During an interview before a preseason game, Green Bay Packers quarterback Aaron Rodgers spoke about how he prepared for a big game. Besides the usual film, playbook review and working on timing with his receivers, Rodgers also spoke about taking some positive words into each game.
So what is it about using positive words? First of all, they are of couse positive and things that should be floating around in our heads anyhow. How do you use them to harness your focus and facilitate better performance? There are several methods with the ideaof converting these positive inputs to reprogram our subconscious. Sounds almost pie-in-the-sky, but it isn't.
Affirmations are the most common concept of applying positive words systematically. They are short, positive (a requirement), and elicit positive emotion in the athlete. They can be repeated in mantra-like form, written down, posted at one's desk, or placed/recited anywhere one sees fit.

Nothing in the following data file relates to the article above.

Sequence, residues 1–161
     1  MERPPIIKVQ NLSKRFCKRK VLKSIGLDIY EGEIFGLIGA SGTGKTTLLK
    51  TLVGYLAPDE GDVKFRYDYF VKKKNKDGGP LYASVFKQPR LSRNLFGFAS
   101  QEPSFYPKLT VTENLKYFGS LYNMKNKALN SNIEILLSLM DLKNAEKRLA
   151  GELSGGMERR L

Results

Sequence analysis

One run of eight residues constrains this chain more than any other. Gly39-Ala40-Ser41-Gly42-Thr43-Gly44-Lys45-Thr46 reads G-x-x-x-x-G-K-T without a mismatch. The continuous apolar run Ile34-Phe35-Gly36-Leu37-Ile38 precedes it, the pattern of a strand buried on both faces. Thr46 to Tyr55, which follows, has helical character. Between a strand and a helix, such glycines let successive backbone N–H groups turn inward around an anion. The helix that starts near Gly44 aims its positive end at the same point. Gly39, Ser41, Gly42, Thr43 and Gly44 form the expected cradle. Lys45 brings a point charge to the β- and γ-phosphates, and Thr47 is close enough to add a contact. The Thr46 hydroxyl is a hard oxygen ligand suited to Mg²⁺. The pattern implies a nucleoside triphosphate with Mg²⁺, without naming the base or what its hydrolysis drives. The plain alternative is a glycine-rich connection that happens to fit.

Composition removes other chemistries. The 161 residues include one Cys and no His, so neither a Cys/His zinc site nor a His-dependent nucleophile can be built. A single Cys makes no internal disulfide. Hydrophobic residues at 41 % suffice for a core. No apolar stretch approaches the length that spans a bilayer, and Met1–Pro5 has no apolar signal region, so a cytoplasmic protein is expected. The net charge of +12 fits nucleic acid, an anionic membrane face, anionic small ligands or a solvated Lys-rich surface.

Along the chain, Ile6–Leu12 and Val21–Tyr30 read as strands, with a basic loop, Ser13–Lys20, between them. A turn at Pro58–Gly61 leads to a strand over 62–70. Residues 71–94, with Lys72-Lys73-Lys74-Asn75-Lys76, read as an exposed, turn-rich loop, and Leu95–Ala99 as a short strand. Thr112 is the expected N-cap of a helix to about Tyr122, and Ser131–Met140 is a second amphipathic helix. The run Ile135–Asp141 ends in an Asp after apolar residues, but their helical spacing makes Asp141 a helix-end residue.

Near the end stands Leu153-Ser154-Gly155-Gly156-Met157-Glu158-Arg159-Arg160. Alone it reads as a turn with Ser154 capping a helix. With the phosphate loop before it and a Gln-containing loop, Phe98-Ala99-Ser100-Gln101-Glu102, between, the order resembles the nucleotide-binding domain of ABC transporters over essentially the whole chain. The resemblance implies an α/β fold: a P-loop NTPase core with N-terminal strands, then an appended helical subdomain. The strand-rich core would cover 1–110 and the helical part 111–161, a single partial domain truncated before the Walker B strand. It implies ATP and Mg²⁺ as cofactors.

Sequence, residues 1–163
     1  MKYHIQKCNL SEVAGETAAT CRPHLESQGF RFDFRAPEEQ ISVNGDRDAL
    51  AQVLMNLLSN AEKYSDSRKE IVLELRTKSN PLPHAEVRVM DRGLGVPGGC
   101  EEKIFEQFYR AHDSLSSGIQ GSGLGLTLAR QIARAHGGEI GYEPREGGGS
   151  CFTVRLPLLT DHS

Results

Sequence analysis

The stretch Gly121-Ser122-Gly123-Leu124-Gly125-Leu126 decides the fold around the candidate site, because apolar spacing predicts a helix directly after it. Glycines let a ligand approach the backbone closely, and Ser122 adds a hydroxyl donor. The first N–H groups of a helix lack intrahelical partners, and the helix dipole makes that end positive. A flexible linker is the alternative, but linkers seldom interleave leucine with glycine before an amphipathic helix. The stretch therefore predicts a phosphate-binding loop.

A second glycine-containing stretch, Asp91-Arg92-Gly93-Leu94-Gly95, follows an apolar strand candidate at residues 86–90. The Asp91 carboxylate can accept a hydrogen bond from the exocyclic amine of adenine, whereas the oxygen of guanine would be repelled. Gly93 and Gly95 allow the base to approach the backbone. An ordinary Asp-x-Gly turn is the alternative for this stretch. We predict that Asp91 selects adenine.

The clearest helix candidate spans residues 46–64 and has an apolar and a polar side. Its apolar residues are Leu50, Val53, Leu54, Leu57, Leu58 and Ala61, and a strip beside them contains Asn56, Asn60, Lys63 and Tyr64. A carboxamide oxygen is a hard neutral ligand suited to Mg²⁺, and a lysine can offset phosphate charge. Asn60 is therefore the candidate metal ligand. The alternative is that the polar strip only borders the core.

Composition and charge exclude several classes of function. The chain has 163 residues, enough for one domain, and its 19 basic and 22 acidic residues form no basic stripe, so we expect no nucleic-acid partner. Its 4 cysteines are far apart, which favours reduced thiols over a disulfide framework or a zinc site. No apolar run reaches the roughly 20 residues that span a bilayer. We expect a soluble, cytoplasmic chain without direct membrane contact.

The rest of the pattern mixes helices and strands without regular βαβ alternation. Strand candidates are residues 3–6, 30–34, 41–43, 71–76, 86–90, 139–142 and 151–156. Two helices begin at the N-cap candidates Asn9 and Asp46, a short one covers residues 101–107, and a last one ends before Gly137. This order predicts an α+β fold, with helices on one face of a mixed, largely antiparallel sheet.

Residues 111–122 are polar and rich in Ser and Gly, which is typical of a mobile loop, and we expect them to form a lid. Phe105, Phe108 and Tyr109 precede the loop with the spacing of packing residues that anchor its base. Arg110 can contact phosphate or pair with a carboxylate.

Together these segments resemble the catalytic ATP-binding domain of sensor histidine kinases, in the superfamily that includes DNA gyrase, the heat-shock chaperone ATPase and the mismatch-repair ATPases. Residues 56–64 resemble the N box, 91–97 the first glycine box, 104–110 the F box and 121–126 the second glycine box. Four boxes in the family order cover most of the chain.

Mantras involve taking a word or words and repeating several times over mentally or quietly to oneself with the purpose of overriding negative emotion, anxiety, anger, or just to gain clearer focus on the task at hand. Australian swim guru Craig Townsend instructs athletes to practice affirmations repeatedly for at least 3-5 minutes per day.
As an athlete, I like to use positive words in both training and competition. I am currently building for a half-marathon race in November and have recently began to dial in my own personal mental training program. Townshend suggests changing our affirmations regularly to diversify positive inputs to the subconscious.
This week, I have found using the words "grace and confidence" and repeating those to have a positive effect. During the first and last few miles of my run this morning, I relaxed my hands, shoulders, and jaw like I usually do to loosen up, and spent about a mile repeating those two words, "grace and confidence" over and over again in my mind. I found it rather helpful in maintaining a positive outlook and focus as I put in 12 miles on the roads.
Hopefully the reader finds this anectdote useful. Next time you're prepping for a game or event, try incorporating some positive words into your preparation.
Source: Townshend, C. (2005) Mind Training for Swimmers: Everything You Need to Know. Bellissima.